Billers and Players

This ((Chrome won’t load that page. No problems in Firefox, though.)) is brilliant:

A final trend that promotes income inequality is that more Americans may be engaging in a kind of gambling behavior in their choice of occupation. They are increasingly choosing to play in winners-take-most tournaments, such as the contest to build the leading Internet search engine. For every Sergey Brin, there were thousands of software engineers who played in the search-engine contest and lost.

As best-selling writer and investor Nassim Nicholas Taleb points out in The Black Swan, safe occupations are those where the worker is paid a fixed amount per unit of time. An accountant or a nurse is not going to become extremely rich or extremely poor; they could be called “billers,” because they bill for their time. On the other hand, a professional singer or a software entrepreneur is playing in a winners-take-most tournament. The difference in talent between an international pop star and an unknown lounge singer may actually be quite small. However, the nature of these fields is that the difference in rewards can be enormous. People who choose these sorts of occupations could be called “players.”

Winners-take-most tournaments widen the distribution of income. First, they create a gap between the winning players and ordinary billers. Sergey Brin could have earned a nice salary writing software for Microsoft or for Bank of America, but that would not have made him a billionaire.

Second, winners-take-most tournaments lure people from the security of earning salaries as billers. People who quit their day jobs—or graduates who delay taking one—to “pursue their dream” often end up on the lower end of the income distribution, at least until they “sell out” and join the working drudges. Of course, some of them actually succeed in escaping the cubicle world. Back in the 1990s, one of us (Kling) did just that by leaving a stable job as a biller at a large financial services firm and founding a start-up technology business.

Several factors have made it a lot easier to quit as a biller in order to take a fling at being a player. The Internet is one. As writer Daniel Pink has noted, the low cost of creating a business on the Web has fulfilled Karl Marx’s dream—an ordinary worker can now own the means of production.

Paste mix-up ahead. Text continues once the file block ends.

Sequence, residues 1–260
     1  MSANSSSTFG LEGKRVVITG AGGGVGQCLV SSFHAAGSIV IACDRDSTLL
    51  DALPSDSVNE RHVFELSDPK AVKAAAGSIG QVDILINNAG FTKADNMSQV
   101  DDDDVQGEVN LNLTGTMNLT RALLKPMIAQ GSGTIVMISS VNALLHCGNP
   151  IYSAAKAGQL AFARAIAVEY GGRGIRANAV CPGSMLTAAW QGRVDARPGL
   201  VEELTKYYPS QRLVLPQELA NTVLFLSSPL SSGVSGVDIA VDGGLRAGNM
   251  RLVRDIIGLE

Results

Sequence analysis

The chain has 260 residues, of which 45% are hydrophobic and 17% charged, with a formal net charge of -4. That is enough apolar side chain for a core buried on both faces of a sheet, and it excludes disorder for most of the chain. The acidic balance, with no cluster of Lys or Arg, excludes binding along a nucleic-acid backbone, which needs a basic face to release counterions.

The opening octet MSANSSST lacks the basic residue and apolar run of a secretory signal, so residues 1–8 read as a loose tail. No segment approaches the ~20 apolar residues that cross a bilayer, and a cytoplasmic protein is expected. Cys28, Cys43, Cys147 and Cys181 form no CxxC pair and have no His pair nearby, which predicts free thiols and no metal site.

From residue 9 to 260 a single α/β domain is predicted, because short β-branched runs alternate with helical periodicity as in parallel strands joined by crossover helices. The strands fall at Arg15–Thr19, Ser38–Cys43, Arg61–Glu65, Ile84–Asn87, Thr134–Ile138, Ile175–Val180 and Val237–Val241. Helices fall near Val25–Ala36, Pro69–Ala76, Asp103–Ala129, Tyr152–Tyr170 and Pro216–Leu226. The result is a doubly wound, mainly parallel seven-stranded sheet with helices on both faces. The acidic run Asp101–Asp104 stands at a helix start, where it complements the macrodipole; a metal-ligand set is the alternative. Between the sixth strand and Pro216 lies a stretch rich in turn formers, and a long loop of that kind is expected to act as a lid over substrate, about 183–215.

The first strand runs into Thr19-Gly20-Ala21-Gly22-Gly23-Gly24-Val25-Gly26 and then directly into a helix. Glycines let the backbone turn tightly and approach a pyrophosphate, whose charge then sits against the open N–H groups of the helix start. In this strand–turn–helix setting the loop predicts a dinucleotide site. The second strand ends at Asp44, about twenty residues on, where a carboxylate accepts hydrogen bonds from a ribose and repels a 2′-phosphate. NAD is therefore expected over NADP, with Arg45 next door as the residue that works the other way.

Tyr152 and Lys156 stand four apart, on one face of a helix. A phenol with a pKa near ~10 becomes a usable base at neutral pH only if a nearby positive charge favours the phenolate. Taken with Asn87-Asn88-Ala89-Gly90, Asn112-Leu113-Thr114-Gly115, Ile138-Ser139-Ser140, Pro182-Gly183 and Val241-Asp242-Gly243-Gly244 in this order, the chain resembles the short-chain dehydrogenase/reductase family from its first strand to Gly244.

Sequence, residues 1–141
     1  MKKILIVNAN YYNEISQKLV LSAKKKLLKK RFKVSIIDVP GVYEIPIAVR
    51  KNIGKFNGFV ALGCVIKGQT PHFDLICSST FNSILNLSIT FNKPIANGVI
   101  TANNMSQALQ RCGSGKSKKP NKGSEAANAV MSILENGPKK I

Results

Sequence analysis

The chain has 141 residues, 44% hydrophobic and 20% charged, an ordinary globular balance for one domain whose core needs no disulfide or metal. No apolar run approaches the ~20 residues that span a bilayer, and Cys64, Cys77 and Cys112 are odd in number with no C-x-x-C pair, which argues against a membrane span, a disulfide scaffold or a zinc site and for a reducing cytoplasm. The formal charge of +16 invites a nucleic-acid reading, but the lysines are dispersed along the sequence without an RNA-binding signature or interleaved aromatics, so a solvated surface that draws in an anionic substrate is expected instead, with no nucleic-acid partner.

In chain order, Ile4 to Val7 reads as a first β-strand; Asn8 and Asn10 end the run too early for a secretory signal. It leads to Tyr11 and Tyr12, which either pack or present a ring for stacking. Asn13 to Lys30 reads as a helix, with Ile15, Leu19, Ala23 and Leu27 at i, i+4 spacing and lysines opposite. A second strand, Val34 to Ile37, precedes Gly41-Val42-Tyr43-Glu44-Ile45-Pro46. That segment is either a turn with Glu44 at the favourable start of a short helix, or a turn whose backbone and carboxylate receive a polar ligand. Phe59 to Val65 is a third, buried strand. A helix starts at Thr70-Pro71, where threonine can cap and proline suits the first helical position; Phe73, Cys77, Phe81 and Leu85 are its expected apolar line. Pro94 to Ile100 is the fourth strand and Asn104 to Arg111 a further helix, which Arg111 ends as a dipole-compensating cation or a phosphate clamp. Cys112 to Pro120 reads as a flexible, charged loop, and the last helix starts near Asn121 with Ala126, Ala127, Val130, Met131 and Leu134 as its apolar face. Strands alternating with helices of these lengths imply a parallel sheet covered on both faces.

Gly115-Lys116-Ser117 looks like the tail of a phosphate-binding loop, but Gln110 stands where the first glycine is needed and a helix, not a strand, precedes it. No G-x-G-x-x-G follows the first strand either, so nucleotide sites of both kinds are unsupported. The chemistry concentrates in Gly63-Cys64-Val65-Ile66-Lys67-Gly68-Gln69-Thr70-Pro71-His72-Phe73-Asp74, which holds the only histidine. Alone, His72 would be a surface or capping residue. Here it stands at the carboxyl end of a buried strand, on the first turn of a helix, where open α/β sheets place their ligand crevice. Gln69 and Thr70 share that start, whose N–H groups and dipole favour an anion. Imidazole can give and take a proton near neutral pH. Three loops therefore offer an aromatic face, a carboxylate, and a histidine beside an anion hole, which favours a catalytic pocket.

What’s more, technological progress is most likely speeding up, leading to more of what Joseph Schumpeter called “creative destruction.” Many jobs destroyed in a modern economy are for billers, which force them to change and in some cases prompts them to try their hand at entrepreneurial, player-type enterprises.

Lots of the opportunities created during this dynamic process are for players. We are seeing greater numbers of successful players, and the biggest winners, like Sergey Brin, are taking in larger rewards than ever.

The supply of players also may be increasing. The change in marital patterns can facilitate this. With fewer households dependent on a single income, it is possible for one spouse to try being a player, while the other spouse remains a biller. The country’s relative level of wealth and the sheer size of its middle class also play a role. In today’s America both parents may remain billers, but their recent college graduate may become a player, knowing that the parents can provide support until the gamble pays off or the humbled child takes a regular job. A few generations ago, entertaining such a thought was a luxury as many parents needed their child to take a stable job to support their retirement.

7 thoughts on “Billers and Players”

  1. Seems kind of saccharine on the surface (yay America, there are no poor people, just unrecognized entrepreneurs!), but you could also argue that this is the primary reason for our success over the past century.

    Like, surplus production frees up more people to be players. Like the Franklins, Edisons, Teslas, or more recently the Wozniaks and Brins. Some of their gambits pay off, increasing production, making it easier to be players. In the long run, isn’t this just an illustration of the benefits of moving beyond subsistence agriculture?

  2. I think its important to distinguish between efficiency (GDP), poverty and inequality. I agree that poverty is an important issue and economists spend most their time talking about incomes, but discussions like the above don’t necessarily have a bearing on either.

    It may be that richer people can afford to take more of the career “gambles” described in the article. And to your point, higher risk leads to higher rewards but you’d expect with this effect you’d see an acceleration of income growth rates over the decades. We’ve seen reductions in growth rates in recent decades.

  3. Hm, my interpretation was that richer communities can take more gambles. Someone with low income but lots of social capital to draw on can take those career risks. Rich peoples, not just rich people.

    Maybe all of the income growth has been happening in Asia?

  4. Well, you can look at it over time in the U.S. or across countries today.

    The “rich people can enter more lotteries/tournaments which generates even more riches” theory would predict two things:
    1. The growth rate in the U.S. would increase as its income increases
    2. Richer countries would have bigger growth rates.

    Looking at the data, neither is true.

  5. Systemic limits on growth maybe? I think you economists have a similar concept; starts with an “M,” ends with “althusian.” I might have that wrong though.

    I mean, growth has to taper off as a population’s energy needs approach what they can liberate from the environment, right?

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